In consultation with the National Advisory Dental and Craniofacial Research Council (NADCRC), the National Institute of Dental and Craniofacial Research (NIDCR) in 1999 established the Blue Ribbon Panel on Research Training and Career Development to Meet the Scientific Opportunities of the 21st Century. The purpose of the meeting was to identify anticipated opportunities in health-related research in the coming years and the skills that will be needed to take advantage of those opportunities.”. It was the view of the Panel that health-related research at the start of the 21st Century will be quite unlike that which we observe today.

  • There will continue to be a rise in interdisciplinary studies in the coming years, requiring scientists to acquire a broader mix of skills and the ability to work collaboratively.

  • There will be an expanded phase of functional genomic analyses following an extended period of rapid advances in genetics and genome-based research – especially the Human Genome Project and microbial genomes.
  • There will be an even greater emphasis on applied research, which includes domestic and international collaborative translational and clinical research, population-based studies, epidemiology, health promotion, and health services research.

With these proposed directions, the Blue Ribbon Panel also felt that there would be an increase in the application of research findings to health promotion and disease prevention — locally, nationally, and globally. Scientists will at a minimum need to be familiar with the knowledge and methods of a wider variety of “disciplines” than is presently the case, in addition to having general skills necessary for tomorrow’s scientific environment. Some examples of emerging critical competencies include: molecular biology, bioengineering, biomathematics, information science, physiology, biochemistry, endocrinology, epidemiology, behavioral and social sciences; quantitative analytic skills; team/collaborative skills; ethics and bioethics training; oral and written communication skills; management skills, entrepreneurship and knowledge of technology transfer approaches.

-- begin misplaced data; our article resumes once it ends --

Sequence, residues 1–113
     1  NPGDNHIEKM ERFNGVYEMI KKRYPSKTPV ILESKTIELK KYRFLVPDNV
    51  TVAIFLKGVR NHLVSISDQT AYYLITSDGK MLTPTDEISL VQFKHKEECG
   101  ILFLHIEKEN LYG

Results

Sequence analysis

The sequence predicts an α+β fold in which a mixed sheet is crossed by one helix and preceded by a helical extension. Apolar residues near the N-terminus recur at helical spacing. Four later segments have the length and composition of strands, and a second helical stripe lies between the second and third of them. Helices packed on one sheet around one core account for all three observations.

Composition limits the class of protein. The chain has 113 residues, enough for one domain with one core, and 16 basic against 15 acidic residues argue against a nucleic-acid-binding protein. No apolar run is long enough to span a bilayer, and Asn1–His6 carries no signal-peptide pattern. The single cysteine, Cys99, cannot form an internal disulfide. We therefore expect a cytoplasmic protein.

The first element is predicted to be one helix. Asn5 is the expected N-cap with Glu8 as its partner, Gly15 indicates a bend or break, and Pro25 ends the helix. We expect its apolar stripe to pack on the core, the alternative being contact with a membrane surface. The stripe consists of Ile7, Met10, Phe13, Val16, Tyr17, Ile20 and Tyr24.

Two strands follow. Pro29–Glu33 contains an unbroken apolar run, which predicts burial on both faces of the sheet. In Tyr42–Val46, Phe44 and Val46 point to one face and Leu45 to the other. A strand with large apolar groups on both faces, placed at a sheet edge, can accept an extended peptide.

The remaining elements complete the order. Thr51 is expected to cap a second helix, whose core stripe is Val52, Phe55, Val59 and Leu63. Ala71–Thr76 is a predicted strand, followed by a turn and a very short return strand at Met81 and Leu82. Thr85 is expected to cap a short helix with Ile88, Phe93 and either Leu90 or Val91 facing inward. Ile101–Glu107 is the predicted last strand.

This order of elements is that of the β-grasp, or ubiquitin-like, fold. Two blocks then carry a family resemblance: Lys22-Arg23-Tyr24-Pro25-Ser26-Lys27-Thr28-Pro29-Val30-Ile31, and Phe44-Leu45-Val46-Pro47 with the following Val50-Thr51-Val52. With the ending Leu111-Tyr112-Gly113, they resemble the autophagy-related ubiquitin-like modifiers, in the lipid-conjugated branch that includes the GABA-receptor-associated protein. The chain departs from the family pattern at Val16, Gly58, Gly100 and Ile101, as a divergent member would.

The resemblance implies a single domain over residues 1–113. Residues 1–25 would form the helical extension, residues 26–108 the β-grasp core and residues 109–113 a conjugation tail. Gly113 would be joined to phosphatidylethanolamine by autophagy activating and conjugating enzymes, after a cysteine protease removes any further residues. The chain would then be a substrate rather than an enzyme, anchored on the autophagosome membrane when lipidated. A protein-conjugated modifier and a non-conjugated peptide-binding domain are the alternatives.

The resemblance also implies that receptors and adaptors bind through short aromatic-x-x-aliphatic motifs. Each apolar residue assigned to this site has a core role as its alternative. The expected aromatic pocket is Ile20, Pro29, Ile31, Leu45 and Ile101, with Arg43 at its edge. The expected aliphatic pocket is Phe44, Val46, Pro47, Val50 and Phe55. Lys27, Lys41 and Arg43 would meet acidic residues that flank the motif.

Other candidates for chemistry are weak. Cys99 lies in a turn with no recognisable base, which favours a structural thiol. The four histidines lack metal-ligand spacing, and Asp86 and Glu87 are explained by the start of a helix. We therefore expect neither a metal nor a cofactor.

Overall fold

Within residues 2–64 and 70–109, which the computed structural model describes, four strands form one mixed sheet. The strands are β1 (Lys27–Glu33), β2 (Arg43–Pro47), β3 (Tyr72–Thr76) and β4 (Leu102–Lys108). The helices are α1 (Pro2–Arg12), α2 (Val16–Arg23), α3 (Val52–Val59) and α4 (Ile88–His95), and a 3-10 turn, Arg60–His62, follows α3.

The Blue Ribbon Panel on Research Training and Career Development made several conclusions in response to the charges. Specifically, the Panel members:

  • Identified three major areas of scientific opportunity in the 21st century, including interdisciplinary research and training.
  • Recommended that core competencies be fostered across all research training programs, including management skills, entrepreneurship and knowledge of technology transfer approaches.
  • Recommended expanding the Mix of Disciplines in Dental, Craneofacial, and Oral Health Research.
  • Recommended adopting New Strategies to Promote Diversity in the Scientific Workforce.

Dental education has arrived into a new era. During the last 150 years, it has evolved from a short prelude to apprenticeship into a comprehensive program for dental education. Advances in science and technology has converted our profession and dentists into respected professionals, and dental schools are part of the nation’s leading public and private universities. The future of dental education will be shaped by a great number of scientific, technological, political and economic factors that are to be addressed by our profession. Schools of Dentistry have important choices to make. They may attempt to abide by the status quo, or they can decide to follow a more challenging and innovative path of reassessing and renewing its mission of education, clinical practice and research.

To successfully enter the new era and age of dentistry, dental educators, and institutions should perceive and attempt formulating new proposals, alternatives, and paths. Dental education must be undertaken in an environment in which the creation and acquisition of new scientific and clinical knowledge are valued and actively pursued. With this premise, dental leaders should pursue and cooperate in the reform of practices. Contributions should not only be made in education and clinical practice, but also in the areas of research, technology, biotechnology, administration and technology transfer.


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